February 19, 2024

Young at heart — but how old is your body? This startup has raised $4.2m to help you find out

Longevity startup GlycanAge has raised another round of funding and is attracting Hollywood customers

Zosia Wanat

3 min read

UK longevity startup GlycanAge has raised a $4.2m seed round to scale its business that lets users learn their biological age. The round was led by Bulgarian LAUNCHub Ventures and UK-based deeptech fund Kadmos Capital.

GlycanAge already has a big name associated with it — Hollywood star Halle Berry is one of its customers — and the raise marks the latest show of support for companies working in the longevity sector. Spotify founder Daniel Ek, for example, is building futuristic body-scanning devices and billionaire investors in Europe are extolling the benefits of using diabetes drugs to stay young.

What does GlycanAge do? 

The startup’s technology aims to tell users how much their bodies have actually aged, despite what the calendar might say. It then suggests what that means for our health and how we can slow down the ageing process.  


Measuring biological ages is already popular in the US, thanks to startups like Tally Health, InsideTracker and Novos.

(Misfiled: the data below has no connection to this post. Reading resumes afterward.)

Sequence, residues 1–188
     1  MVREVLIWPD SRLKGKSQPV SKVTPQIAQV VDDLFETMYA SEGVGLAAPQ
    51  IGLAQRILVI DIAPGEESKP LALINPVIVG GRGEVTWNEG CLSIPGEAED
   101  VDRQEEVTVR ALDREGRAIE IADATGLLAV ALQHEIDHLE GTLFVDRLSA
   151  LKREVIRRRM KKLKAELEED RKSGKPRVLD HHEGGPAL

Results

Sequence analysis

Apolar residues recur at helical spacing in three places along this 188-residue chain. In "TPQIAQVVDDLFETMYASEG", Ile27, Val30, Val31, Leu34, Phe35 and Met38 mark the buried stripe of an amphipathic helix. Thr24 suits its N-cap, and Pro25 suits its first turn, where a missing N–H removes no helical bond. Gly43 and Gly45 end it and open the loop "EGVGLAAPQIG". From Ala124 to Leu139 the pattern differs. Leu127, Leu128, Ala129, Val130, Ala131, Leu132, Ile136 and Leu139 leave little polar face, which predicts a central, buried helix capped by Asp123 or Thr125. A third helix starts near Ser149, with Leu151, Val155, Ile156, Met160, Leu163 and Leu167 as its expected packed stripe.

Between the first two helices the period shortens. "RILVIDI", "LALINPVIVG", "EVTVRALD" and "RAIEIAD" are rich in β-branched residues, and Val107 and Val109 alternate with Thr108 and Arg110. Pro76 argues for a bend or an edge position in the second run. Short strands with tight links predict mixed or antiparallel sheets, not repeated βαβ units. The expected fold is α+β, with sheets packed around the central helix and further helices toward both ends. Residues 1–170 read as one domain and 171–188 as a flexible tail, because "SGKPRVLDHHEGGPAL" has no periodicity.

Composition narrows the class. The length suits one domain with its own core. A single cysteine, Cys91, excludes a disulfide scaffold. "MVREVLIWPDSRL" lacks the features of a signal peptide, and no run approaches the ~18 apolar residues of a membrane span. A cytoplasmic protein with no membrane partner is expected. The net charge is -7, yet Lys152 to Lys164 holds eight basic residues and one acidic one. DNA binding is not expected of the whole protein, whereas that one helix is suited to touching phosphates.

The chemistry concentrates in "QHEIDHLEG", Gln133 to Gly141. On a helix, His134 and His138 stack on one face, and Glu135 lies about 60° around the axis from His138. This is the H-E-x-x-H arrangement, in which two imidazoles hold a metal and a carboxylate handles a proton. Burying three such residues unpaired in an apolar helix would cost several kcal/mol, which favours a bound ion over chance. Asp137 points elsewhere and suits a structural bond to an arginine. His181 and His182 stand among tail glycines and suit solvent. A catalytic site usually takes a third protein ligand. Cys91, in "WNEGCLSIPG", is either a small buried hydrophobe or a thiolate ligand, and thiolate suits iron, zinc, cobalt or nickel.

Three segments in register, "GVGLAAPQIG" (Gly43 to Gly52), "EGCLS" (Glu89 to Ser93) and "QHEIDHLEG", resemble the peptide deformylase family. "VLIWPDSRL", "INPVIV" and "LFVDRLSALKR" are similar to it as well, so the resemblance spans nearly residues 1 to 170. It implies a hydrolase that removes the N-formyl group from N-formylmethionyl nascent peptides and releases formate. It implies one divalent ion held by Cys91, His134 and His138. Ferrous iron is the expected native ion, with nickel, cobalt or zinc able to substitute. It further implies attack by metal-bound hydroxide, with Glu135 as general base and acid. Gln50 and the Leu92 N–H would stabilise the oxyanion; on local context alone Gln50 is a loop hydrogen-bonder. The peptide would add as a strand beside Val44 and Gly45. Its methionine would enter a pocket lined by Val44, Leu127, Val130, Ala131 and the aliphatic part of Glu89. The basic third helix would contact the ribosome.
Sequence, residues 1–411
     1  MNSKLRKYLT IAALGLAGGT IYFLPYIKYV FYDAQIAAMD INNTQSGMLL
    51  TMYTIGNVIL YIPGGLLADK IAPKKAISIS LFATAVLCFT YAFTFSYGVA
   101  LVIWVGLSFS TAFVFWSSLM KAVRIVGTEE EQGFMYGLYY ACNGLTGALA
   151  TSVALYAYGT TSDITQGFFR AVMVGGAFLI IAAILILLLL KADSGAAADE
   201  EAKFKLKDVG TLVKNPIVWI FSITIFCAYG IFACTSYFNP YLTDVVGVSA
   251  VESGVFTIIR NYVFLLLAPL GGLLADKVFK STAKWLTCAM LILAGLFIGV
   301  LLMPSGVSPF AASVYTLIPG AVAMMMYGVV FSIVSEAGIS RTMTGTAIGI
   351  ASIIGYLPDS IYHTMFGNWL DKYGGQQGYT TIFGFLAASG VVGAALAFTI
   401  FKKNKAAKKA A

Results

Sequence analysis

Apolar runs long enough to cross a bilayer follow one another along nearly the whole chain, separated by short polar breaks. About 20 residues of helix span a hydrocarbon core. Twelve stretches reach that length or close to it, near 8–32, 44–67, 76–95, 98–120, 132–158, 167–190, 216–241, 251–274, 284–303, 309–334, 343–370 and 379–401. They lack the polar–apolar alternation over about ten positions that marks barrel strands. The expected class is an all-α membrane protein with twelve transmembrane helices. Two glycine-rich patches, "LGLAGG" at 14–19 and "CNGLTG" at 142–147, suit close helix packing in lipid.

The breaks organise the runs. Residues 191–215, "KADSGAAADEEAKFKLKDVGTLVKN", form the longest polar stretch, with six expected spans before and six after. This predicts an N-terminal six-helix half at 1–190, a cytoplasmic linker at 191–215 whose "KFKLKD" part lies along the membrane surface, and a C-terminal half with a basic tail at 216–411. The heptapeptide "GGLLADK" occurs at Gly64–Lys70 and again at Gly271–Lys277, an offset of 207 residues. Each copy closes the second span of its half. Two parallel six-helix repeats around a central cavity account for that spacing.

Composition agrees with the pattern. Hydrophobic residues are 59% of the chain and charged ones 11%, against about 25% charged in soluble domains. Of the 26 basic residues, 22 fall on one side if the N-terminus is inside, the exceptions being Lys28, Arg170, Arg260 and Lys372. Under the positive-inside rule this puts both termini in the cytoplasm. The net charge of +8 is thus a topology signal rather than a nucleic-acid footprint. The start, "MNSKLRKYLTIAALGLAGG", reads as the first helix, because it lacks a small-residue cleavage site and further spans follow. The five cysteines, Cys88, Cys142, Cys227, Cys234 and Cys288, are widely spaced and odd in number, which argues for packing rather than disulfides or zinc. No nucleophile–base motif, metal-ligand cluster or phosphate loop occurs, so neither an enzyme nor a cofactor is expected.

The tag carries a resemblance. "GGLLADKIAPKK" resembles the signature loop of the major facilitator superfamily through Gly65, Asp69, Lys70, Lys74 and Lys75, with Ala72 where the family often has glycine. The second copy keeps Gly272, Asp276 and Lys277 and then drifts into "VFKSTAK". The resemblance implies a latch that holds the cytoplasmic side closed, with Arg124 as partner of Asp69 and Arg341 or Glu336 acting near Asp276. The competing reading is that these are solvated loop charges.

Unlike its American competitors, which focus on genes and DNA, GlycanAge is the only company that measures users’ biological age with biomarkers for glycans — complex carbohydrate molecules and one of the primary components of our bodies’ cells. The company says that glycobiology can help with predicting diseases, guiding interventions and tailoring therapies.

In practical terms, the startup provides users — mostly rich tech bros, celebrities and longevity research laboratories — with a finger prick test kit sent directly to their home. 

Once the sample is collected it is sent back to GlycanAge, where it undergoes multiple tests in the laboratory for about three weeks. GlycanAge scientists can then assess biomarkers that indicate the level of damage in the user’s body caused by their lifestyle and the environment  — and estimate their biological age. 

The user will also receive various indexes related to their age — such as cardio health and gut health — to identify potential risks and areas for improvement.  

The GlycanAge team also offers users individual consultation with a specialist who suggests how they could slow down their ageing process. One-off treatment costs £289.

GlycanAge ships worldwide and works with individual customers and clinics across more than 60 countries. It’s headquartered in Newcastle upon Tyne in the UK but its laboratory is located in Zagreb, Croatia — where both of its founders come from. Zagreb also plays host to the biggest glycobiology lab in the world. The company employs 40 people. 

Where will the funding go? 

With the fresh money, GlycanAge wants to shift away from the longevity space to the broader diagnostics market, aiming to develop disease-specific tests that catch illnesses early. It’ll use the money to establish a regulatory strategy and develop concrete products.

Zosia Wanat

Zosia Wanat is a senior reporter at Sifted. She covers the CEE region and policy. Follow her on X and LinkedIn